It’s been one year since President Biden signed the CHIPS and Science Act into law, and the National Science Foundation (NSF) has been busy implementing initiatives to safeguard the nation’s research ecosystem and to comply with the law’s research security provisions.

During a media briefing on Aug. 22, NSF experts shared ways that the agency is looking to safeguard the research ecosystem by collaborating with the research community at all levels.

“Let me tell you what our overall vision is. I feel that through our efforts so far, abiding by CHIPS and Science, and the coordination in National Security Presidential Memorandum 33 – which is on research, security, and integrity and its implementation guidance – is a way that we’ve created a good structure for research security,” said Rebecca Keiser, chief of research security strategy and policy at NSF.

“I would love to see us – and this is our view of what we want to do, what we’re going to talk to you about today – moving from a culture of compliance to a culture of collaboration,” Keiser told reporters. “And that means collaboration with the research community at all levels: the researchers, the administrators, those in other Federal agencies, and internationally to all work together to collaborate on safeguarding our research ecosystem while maintaining its openness.”

One initiative underway at NSF comes in the form of a recent “Dear Colleague” letter, which is a form of a call for proposals, that informs the community that NSF will launch a new program specifically designed to study the field of research security.

This “Research on Research Security Program,” or RRSP, will be a typical research program in which researchers will submit their proposals to NSF to conduct research, undergo the merit review process, and then be funded to conduct the research, according to Shawna Cox, NSF’s program director of the Office of the Chief of Research Security Strategy and Policy.

“Right now, what we’ve put the call for proposals out for is a workshop to bring together researchers who are already conducting research or are interested in conducting research in the domain of research security, to start creating a community of practice to bring together experts who will need to collaborate in order to conduct the research that we envision happening under the research on research security program,” Cox explained.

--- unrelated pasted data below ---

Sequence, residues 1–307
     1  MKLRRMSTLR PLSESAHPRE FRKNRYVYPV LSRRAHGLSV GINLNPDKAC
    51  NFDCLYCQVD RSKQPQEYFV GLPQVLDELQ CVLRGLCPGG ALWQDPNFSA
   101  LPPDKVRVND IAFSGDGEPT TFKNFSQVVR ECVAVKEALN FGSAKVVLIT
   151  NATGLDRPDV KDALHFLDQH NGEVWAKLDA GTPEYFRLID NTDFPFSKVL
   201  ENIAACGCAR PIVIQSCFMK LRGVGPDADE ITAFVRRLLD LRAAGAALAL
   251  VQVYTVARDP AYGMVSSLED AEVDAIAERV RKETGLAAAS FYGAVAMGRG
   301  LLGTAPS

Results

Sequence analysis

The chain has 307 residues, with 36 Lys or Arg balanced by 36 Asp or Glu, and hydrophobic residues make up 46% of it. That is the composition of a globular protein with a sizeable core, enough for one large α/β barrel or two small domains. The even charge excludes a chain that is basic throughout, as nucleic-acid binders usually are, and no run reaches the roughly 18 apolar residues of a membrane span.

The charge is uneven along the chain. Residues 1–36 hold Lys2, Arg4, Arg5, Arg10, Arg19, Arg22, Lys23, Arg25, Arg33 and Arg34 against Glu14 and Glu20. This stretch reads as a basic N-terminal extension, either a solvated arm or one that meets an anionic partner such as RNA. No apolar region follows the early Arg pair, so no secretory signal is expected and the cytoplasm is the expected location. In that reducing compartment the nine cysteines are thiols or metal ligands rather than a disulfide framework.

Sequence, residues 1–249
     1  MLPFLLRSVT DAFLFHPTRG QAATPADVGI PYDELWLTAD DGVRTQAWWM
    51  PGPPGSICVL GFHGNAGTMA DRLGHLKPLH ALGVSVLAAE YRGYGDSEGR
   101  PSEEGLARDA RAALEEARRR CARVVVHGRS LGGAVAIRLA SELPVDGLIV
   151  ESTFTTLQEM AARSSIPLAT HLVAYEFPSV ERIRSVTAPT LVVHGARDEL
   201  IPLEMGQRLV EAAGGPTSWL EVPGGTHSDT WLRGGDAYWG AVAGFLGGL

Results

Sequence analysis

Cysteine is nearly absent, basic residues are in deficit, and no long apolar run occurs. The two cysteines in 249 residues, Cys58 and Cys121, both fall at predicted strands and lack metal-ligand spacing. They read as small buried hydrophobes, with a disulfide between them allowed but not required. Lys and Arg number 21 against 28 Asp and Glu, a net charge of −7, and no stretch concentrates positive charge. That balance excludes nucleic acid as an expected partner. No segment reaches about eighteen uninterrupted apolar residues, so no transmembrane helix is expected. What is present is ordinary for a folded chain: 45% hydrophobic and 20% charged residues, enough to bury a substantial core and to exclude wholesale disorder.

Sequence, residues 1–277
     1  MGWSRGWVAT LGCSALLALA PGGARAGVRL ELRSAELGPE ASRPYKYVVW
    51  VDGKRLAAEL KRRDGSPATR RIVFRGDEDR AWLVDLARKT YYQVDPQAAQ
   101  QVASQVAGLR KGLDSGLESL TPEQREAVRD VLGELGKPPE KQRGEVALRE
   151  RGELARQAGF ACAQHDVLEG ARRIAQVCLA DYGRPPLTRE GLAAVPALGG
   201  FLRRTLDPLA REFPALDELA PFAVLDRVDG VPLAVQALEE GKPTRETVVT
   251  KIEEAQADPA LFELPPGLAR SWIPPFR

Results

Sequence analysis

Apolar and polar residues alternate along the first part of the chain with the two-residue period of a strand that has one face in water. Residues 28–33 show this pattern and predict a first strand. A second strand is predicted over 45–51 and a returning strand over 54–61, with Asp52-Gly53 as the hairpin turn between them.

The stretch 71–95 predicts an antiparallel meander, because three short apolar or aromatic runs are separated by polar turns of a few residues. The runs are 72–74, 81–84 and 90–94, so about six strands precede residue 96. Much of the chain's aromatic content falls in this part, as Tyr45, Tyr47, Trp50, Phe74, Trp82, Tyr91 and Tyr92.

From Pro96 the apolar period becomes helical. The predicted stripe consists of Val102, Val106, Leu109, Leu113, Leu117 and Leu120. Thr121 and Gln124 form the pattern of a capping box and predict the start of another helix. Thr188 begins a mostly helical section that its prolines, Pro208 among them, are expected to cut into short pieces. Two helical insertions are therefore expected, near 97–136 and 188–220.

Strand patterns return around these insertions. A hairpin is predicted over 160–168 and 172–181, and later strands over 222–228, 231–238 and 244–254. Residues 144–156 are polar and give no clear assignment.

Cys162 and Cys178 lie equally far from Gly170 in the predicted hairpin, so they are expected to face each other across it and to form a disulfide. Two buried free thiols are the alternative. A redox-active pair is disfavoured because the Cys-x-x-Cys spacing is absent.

“Given the highly interdisciplinary nature of research security and NSF’s commitment to broadening participation, we’re inviting proposals from the full spectrum of diverse talent that society has to offer, including those in academia, industry, government, and nonprofit organizations,” Cox said. “We plan to make a single award and expect that to probably be a single workshop.”

Cox added that proposals for the RRSP workshop are due this September, and NSF expects to make an award by the end of the calendar year. The agency expects the workshop to take place in the first half of the 2024 calendar year, and then the solicitation for the research program itself will come out later next summer – after NSF reviews the recommendations from the workshop participants.

Another exciting initiative – as mandated by the CHIPS and Science Act – is the creation of the Research Security and Integrity Information Sharing Analysis Organization, which NSF has renamed SECURE, which stands for Safeguarding the Entire Community in the U.S. Research Ecosystem.

NSF has a solicitation out right now for this non-governmental organization, which it hopes to stand up by the end of fiscal year 2024. Kelvin Droegemeier, expert consultant to NSF, explained that it will be a single awardee, “which might be a consortium of organizations, we just don’t know.”

“We’re very excited about the standup of this thing, because it is being structured at the direction of Congress to provide the kinds of tools and resources needed for universities, for small and medium-sized businesses to make what we call ‘security-informed decisions,’” Droegemeier said.

According to Droegemeier, SECURE will provide guidance and useful frameworks to the research community, community engagement, as well as data analysis and reporting.

“One of the most important things about this center, the key thing, is that it will garner the trust of the community, become a trusted agent and activity as a non-governmental organization and to immediately show value to the community in terms of addressing the kinds of research security challenges that we’re all facing,” he said, adding, “to make sure that we are not just only safeguarding our research, but as Rebecca said, we are empowering researchers to have international collaboration – which we really want to see happen, very important to our nation – and this will help facilitate that collaboration rather than impede it.”

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Grace Dille
Grace Dille
Grace Dille is MeriTalk's Assistant Managing Editor covering the intersection of government and technology.